Why I Don’t “Network” and am Proud of It

Back when I was in graduate school, I was a MAJOR extrovert.  I could talk to anybody about anything.  Networking mixer?  I’m totally there!  I seem to have reduced my extreme extroverted tendencies as I grow older.  Therefore, these days I call myself “a situational extrovert.”  If I am going to an event where I am positive I’ll know at least 1-2 people in the room, I’m just fine.  If I’m going to an event where I don’t have that assurance, then I tend to just eat, drink, and look at my phone.  Horrid, right?

So I am not the person who looks forward to networking mixers and cocktail parties at conferences if I’m the New Person.  It’s not that I’m scared, because I can still talk to anyone about anything; but I’m less likely to start a conversation if I’m unsure what I’m going to talk about.  This is mostly because I DO NOT have a poker face – if I’m not interested, you are going to know this because all I do is nod and say, “wow, that’s really interesting.” (see this article on Networking)

When I transitioned from College Housing to Advancement, I began participating in professional organizations and conferences that were brand spanking new for me.  And in the beginning, I knew NO ONE.  And here’s what I did about it.

I latched on to my supervisor at any and all networking “things.”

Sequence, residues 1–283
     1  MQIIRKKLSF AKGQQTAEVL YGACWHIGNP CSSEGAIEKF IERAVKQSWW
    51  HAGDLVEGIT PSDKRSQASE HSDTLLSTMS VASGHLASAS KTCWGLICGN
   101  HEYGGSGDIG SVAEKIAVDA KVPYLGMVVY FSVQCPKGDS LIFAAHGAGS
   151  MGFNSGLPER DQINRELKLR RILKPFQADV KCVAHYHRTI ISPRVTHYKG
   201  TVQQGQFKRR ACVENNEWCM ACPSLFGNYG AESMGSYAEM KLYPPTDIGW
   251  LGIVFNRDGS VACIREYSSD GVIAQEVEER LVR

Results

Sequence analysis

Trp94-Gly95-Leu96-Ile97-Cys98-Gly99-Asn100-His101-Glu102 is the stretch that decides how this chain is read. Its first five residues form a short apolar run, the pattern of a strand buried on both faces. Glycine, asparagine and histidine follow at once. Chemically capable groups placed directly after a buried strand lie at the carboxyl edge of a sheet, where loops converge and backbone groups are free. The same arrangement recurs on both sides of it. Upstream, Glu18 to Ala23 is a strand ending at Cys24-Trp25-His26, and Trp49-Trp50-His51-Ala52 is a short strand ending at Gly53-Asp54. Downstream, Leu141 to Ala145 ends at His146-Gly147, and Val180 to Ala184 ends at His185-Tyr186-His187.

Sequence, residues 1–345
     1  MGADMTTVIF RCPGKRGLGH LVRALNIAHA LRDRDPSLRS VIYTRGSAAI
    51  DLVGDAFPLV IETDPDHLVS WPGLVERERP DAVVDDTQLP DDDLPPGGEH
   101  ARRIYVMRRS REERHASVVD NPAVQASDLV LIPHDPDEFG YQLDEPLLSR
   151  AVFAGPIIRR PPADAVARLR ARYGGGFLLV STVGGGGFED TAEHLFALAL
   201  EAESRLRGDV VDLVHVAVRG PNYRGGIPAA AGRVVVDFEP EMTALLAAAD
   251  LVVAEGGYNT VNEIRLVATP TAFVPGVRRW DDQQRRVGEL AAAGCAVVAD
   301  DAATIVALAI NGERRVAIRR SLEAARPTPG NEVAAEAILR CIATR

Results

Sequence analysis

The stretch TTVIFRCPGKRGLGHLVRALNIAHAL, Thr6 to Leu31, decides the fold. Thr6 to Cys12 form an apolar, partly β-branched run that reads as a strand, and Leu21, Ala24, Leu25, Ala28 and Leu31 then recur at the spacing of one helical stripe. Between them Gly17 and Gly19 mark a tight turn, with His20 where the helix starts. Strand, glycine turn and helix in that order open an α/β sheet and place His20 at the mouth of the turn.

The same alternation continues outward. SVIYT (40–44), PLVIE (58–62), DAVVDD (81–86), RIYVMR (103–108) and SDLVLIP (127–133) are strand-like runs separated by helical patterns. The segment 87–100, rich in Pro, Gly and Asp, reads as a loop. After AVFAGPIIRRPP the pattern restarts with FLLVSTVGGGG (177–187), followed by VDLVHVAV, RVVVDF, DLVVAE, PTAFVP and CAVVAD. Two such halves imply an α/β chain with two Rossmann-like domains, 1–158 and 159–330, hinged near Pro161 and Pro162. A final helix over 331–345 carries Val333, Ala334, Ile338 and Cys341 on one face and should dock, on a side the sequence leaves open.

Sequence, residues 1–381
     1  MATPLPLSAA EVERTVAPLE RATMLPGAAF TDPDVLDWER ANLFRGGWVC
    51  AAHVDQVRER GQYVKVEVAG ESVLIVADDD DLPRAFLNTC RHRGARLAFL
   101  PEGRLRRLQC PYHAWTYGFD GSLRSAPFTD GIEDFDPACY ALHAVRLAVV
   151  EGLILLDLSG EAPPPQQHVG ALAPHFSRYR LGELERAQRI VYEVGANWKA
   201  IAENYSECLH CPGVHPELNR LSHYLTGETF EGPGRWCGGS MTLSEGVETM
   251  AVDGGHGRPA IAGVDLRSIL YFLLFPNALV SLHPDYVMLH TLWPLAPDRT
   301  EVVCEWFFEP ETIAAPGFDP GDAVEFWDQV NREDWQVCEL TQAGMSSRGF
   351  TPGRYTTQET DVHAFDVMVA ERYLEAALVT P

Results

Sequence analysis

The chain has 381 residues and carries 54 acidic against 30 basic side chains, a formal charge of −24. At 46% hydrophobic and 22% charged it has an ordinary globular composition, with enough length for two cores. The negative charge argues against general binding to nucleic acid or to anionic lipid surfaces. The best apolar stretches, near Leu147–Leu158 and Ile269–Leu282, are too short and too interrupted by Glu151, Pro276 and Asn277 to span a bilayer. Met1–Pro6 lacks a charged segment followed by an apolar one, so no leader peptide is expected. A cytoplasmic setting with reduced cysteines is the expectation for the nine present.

That sounds a little needy, I know.  But she knew all the relevant people that I should meet and engage.  So I actually let her do the work for me.  When I felt like I’d made a good connection or that I really liked that person, I would ask to exchange cards…and THEN I would actually follow up and try to build the relationship.

why i don't network

From the get go, I submitted presentations and volunteered at non-networking events

When a professional association selects your presentation for a conference, this is a great way to meet other.  Volunteering gets you in contact with conference planning teams.  This led me to being selected twice to be on the Annual Conference Planning Committee.  I have made several good friends and MANY great connections through this connection.

I researched other programs/organizations and contacted folks to ask questions.

Everyone likes to be told that their program or product is excellent and then asked “how did you do it?”  When I learned about a program or procedure at a conference or from a webinar, etc., I would do my research and then reach out to the school.  I would seek out the correct person to ask questions of them.  This can also lead to building relationships and making connections.

So, see what I did there?  I sought out to build relationships rather than “only” networking.  And through these experiences I believe that I have learned more about my field and my colleagues then I would just milling around at the annual Wine and Cheese Party waiting for someone to park at The Table of the Situational Extrovert.

If you’d like to get a sense of where you stand on the Networking Continuum, check out my blog post on Strengths and learn how I found my top five talents in the workplace!

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